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Writing Better Learning Objectives Job Aid

Patti Shank | December 01, 2016 | Job Aid

Well-written learning objectives get training off to a beneficial start because they tell us what content, activities, and assessments are needed. The more precisely learning objectives are written, the easier it is to write focused instruction. This job aid will help you write better, more focused learning objectives for you next training program.

The Science of Learning E-Book

Patti Shank | October 19, 2016 | Book Chapter

Exclusive for ATD members: This compilation of Patti Shank's work covers a variety of science of learning topics, from foundational concepts to the changing nature of work.

Job Aid: How Cognitive Load Creates Better Instruction

Patti Shank | September 20, 2016 | Job Aid

Don’t waste learners’ time on unnecessary information! This job aid gives instructional designers a quick overview of cognitive load and provides quick principles to help eliminate extraneous cognitive load.

Exploring Cognitive Load

Justin Brusino, Patti Shank | August 02, 2016 | Podcast

Justin Brusino and Patti Shank explore the topic of cognitive load and learning. Patti explains different types of cognitive load and what learning professionals can do to utilize this concept to improve their learning solutions.

Building Expertise

Justin Brusino, Patti Shank | June 21, 2016 | Podcast

Justin Brusino, community manager for the Science of Learning, talks with researcher and analyst Patti Shank about some myths around growing expertise and how L&D can improve expertise in their learners.

Neuroscience vs. Cognitive Science

Justin Brusino, Patti Shank | April 28, 2016 | Podcast

Justin Brusino, community manager for the Science of Learning, talks with researcher and analyst Patti Shank about the differences neuroscience and cognitive science and what is means for L&D professionals.

Science of Learning 101: Are We Doing the Right Things?

Patti Shank | June 15, 2015 | Article

continuous learningCurrently, corporate learning and development (L&D) is still skewed heavily toward building courses and content, but this approach is not really in sync with the exponential rate of knowledge change and today’s knowledge-heavy work processes—or the instructional piece work L&D provides.  Consequently, L&D is dangerously close to becoming irrelevant in many organizations.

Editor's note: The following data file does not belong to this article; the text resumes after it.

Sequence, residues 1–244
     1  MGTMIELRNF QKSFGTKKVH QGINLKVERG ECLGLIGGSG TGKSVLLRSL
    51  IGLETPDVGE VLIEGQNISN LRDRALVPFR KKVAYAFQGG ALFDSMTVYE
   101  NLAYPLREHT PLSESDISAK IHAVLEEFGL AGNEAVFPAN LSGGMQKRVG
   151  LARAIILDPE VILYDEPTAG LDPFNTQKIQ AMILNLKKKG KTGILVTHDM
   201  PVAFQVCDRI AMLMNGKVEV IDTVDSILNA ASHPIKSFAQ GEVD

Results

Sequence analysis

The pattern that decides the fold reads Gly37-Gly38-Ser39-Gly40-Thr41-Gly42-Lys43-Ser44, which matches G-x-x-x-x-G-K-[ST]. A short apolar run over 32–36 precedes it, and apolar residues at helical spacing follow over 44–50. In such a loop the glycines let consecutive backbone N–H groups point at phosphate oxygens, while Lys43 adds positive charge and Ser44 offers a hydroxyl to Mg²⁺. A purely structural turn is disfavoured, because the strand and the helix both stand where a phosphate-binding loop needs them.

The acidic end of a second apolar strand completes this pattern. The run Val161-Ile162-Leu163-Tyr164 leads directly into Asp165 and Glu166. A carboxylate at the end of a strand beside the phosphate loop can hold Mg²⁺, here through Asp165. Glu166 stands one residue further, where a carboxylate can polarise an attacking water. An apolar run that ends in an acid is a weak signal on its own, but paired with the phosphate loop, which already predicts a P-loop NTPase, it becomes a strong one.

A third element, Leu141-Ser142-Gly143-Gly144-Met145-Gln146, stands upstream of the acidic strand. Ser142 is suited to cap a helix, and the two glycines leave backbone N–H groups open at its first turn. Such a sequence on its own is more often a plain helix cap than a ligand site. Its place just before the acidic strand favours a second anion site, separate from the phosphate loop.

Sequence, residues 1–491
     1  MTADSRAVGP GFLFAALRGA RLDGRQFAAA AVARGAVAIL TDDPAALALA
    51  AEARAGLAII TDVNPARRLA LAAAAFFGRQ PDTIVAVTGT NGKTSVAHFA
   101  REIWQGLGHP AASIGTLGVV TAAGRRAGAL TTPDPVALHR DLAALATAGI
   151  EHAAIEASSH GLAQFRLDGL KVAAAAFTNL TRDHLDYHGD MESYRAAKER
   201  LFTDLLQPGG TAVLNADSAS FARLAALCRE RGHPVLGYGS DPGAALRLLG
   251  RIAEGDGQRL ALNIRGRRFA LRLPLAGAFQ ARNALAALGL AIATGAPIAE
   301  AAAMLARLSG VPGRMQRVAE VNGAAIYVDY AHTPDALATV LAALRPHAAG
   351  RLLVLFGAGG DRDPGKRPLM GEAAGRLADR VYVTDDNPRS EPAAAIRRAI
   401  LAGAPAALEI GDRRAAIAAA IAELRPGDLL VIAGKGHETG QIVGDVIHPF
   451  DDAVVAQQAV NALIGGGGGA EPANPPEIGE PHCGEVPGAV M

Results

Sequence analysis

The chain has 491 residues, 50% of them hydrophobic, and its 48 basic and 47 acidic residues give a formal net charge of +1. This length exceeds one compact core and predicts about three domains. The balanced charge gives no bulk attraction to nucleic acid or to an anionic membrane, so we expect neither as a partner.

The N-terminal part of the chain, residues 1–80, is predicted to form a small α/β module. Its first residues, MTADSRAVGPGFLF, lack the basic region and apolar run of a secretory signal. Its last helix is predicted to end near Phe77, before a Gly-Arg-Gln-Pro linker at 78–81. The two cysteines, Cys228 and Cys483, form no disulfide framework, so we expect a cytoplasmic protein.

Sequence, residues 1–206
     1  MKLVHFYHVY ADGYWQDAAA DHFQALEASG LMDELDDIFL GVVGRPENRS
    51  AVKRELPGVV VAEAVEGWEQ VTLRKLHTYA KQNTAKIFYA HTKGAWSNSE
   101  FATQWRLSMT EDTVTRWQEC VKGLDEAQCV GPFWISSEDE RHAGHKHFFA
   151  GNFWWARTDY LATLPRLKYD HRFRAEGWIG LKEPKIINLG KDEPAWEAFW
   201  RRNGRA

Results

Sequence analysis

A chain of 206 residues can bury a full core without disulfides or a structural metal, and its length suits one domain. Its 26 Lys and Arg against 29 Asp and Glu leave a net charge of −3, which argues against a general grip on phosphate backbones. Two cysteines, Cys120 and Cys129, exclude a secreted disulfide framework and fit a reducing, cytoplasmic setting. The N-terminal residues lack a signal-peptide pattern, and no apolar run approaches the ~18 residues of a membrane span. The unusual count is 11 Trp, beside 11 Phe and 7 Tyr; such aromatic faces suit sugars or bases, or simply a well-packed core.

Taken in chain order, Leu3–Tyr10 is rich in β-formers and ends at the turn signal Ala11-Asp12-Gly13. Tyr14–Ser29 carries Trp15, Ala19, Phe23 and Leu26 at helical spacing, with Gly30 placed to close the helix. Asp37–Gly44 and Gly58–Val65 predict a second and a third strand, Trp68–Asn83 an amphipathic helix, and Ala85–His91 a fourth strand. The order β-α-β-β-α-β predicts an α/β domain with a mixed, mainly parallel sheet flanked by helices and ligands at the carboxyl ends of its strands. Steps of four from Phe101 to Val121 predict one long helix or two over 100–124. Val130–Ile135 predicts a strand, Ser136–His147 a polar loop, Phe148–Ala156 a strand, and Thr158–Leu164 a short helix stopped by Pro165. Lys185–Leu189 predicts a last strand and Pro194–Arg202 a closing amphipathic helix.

The Science of Learning in Action: 7 Insights From Real Data

Alice Kim, Carol Leaman | May 07, 2015 | Webcast

Many organizations around the world are starting to apply the principles of brain research to their learning environments. On May 7, join Carol Leaman and Alice Kim as they leverage real learning data to determine what kind of effect is this having on behavior and, ultimately, performance.

Use It or Lose It

Art Kohn | January 28, 2015 | Article

The neuroscience of learning, retention, and transfer.

Fearless Instructional Design: Learning From the Imagination of Jim Henson

TechKnowledge 2015 FR200
Michelle Lentz | January 16, 2015 | Video

Too often, instructional designers end up trapped in their boxes of theory. Sometimes we need to open that box and peer outside to glean ideas and inspiration from sources outside our industry. Jim Henson started working as a puppeteer in 1954, long before many of us considered corporate instructional design (ID) as a career. Yet, Jim Henson applied many of the core ideas from ID in his imaginative work. Viewing our own theories and ideas used in different ways is a great way to help inspire us to think of new and fearless ideas. We will cover Henson's use of storyboarding, storytelling, iteration, templates, and more, and bring it back to practical uses in instructional design. We'll get creative, discussing how construction of a Muppet can translate to construction of a course. Also, this session is fun. There might even be a Muppet.

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